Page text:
School-age children, Dr. Muriel said, will have more questions: What is leukemia? Can I catch it? Why do they lose their hair? But routine remains important, and their daily touchstones — school, pickup, homework, dinner time — can help them feel the world is still working.
Adolescents may find themselves prematurely taking on adult responsibilities to keep the family going, Dr. Muriel said, but they still need adults in their lives, and they still need some room to be adolescents. “Some of these kids become the ‘good child’ — they become really compliant,” she said. But others become rebellious, either while the sibling is sick or after the treatment is done.
The most extreme situation, of course, is the death of a sibling, which can make all these complex emotions, from envy and resentment to sympathy, grief and guilt so much more intense; in a recent article, siblings of children who had died of cancer expressed the sense that their grief was somehow sidelined, that they were expected to support their grieving parents, perhaps, but not necessarily encouraged to talk about their own emotions.
Pediatric oncology programs put a tremendous amount of effort into creating bright spots and happy events for patients, and sometimes other young children see the treats but not the treatments. “Siblings may feel left out,” Dr. Muriel said, “they don’t see that in exchange for presents and visits with sports heroes, the child has to go through painful treatments.”
“We start with a parent guidance model,” she said. “Who are these siblings, what are the kinds of predisposing temperaments, how have they coped with adversity in the past?”
Dana-Farber’s program offers “sibling bags” filled with information, journals for keeping track of their feelings, fidget toys; a video online lets kids watch other siblings of kids with cancer talking about their experiences. “They know that the people at the cancer hospital think of them,” she said. And during school vacation weeks, when siblings are more likely to show up at the hospital, they provide special activities and educational sessions.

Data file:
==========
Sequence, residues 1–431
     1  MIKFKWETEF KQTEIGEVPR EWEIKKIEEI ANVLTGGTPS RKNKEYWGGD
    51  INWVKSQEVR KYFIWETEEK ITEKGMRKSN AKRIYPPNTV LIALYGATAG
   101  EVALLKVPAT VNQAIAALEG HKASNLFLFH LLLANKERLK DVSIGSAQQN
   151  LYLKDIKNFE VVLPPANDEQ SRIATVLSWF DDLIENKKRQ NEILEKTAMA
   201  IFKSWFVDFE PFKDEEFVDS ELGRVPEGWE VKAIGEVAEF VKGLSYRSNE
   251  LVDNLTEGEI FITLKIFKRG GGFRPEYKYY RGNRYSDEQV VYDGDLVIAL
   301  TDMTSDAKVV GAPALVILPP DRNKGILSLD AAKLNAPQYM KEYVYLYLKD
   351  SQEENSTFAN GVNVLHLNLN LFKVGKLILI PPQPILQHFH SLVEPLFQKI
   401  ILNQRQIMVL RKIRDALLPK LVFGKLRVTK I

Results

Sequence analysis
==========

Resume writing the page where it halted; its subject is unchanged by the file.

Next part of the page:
“Kids have a full range of emotion about this,” Dr. Muriel said. “They may be fearful or worried for the sibling or fearful of getting the same disease or angry about changes in their family.” And all of these emotions change as the child grows and develops.
“Siblings learn more compassion and empathy toward those who have a disability,” Professor Mandleco said. “I see that as something that needs to be encouraged.” There’s evidence to suggest that this experience shapes many siblings into resilient, helping, caring adults, and may shape some of their career choices as well.
The professionals who interact with these families need to include siblings, to encourage parents to take time for and with their other children, and above all, to support parents through these difficult and complicated experiences so that they can help all their children.
“We need to help parents — they’re doing the best they can under the circumstances,” said Professor Mandleco. “You shouldn’t beat yourself up as a parent; you shouldn’t feel bad as a child. People do the best they can.”